We have a daily community meeting that all staff and patients attend, to discuss the coming days events but also to give everyone on the ward an opportunity to bring ideas, challenge decisions and make changes in a safe and supported environment.

 

Looking Back/Challenges Faced

Looking back the biggest challenge was undoubtedly a change in culture for staff and patients with an emphasis on values rather than rules.
Some staff found it very difficult to see things from a different perspective and get out of the ‘we’ve always done it like this’ culture. They found the idea of giving responsibility back to the patients very anxiety provoking and initially they felt very unsafe.
The patients also found the prospect of a recovery and discharge plan very anxiety provoking (some had been on the ward for over 3 years) however, they came round to the idea of being in control of their own recovery with support from the staff.
We did lose some staff along the way but that wasn’t a bad thing. if they didn’t buy into the idea, it was not going to work for them. We have now got a fully staffed ward, staff waiting for vacancies as they would like to work here and happy patients living meaningful days and looking forward to a future. I don’t think we would do anything differently if we did it all again.

 

Sustainability

The Ward has arrived at a place where culture and practice has become embedded as a way of life. Staff are committed and no longer want to leave as we are now benefitting from the results of our hard work and more importantly so have our patients.
We have just booked another round of DBT therapy and core skills training for our trained nurses and Healthcare Assistants. We have employed 3 recovery workers and a peer support worker and have just appointed a discharge planning and liaison nurse to give extra support to patients and carers throughout the admission but especially towards the end when anxieties are often running high.  These plans for the future will ensure that the culture continues to thrive and grow.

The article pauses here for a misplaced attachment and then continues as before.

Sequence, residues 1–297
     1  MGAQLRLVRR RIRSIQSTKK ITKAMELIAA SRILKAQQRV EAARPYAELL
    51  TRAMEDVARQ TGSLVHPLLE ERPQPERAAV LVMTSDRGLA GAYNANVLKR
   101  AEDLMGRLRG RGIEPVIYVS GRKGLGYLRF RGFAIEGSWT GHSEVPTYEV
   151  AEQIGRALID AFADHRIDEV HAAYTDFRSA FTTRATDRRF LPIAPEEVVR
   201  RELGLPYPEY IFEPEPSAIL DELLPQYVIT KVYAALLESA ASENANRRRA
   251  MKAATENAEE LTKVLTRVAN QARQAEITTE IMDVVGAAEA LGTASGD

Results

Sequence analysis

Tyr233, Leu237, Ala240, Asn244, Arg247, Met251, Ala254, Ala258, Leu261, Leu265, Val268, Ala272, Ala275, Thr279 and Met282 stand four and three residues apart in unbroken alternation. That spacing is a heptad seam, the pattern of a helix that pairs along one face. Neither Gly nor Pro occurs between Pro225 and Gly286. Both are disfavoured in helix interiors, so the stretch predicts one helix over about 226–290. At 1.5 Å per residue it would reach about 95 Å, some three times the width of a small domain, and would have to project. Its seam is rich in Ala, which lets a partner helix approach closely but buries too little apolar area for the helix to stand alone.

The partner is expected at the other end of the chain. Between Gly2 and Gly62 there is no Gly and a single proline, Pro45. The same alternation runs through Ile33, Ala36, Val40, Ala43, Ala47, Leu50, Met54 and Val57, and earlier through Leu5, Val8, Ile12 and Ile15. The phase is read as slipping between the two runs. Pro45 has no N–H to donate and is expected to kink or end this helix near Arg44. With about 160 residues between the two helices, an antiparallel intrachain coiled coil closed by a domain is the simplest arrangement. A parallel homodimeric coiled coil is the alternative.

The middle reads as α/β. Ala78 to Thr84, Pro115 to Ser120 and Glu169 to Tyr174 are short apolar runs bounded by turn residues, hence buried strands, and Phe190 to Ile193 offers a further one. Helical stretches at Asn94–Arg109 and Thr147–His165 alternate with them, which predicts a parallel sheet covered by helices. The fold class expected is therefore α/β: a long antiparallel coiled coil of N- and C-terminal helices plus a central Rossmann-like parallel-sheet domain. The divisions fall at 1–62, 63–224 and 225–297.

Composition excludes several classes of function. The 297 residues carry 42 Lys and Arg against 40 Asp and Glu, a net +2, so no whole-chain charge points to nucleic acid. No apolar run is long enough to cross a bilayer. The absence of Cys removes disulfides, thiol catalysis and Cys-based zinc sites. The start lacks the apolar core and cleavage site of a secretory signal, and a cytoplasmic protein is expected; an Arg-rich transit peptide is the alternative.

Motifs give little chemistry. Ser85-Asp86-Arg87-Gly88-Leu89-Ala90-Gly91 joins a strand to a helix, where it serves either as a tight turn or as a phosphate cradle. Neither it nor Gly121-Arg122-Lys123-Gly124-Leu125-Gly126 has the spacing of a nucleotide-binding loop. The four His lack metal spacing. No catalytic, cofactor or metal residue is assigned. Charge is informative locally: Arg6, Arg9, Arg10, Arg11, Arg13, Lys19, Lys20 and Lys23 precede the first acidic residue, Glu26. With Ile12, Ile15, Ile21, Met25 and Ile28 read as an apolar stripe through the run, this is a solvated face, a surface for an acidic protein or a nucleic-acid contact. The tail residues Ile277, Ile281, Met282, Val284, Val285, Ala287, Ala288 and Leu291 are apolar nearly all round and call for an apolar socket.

Evaluation (Peer or Academic)

We have a patient and carer experience survey which is completed monthly. Evidence from this shows that patients and carer experience has been greatly enhanced by the changes in the service.
Our incidences of self-harm have reduced significantly. We accept that people with borderline personality disorders will self-harm at times but we work with then to identify triggers for this and mange it safely.
We have not had any incidents of physical intervention for well over a year and patients engage fully in the group and individual programmes.

 

Outcomes

Reduced self-harm
Elimination of violent incidents and physical restraint
Greater patient satisfaction
Greater staff retention
Reduced staff sickness
Job satisfaction
Increased level of successful discharges with patients taking up vocational or meaningful activities on discharge
Patients and carer satisfaction
Successful promotion and sharing of good practice

 

Sharing

We have attended numerous improving practice events and conferences to share our story and have had a lot of interest in our work. We have had visits form NHS England, The Maltese Minister for Health, and from other Trusts.  Our Clinical Nurse Specialist is offering training on personality disorders and supervision to other wards within the Trust.
We welcome anyone who is interested in our journey.

 

Is there any other information you would like to add?

I have not been able to attach power points we use to demonstrate our journey but can supply these if you are interested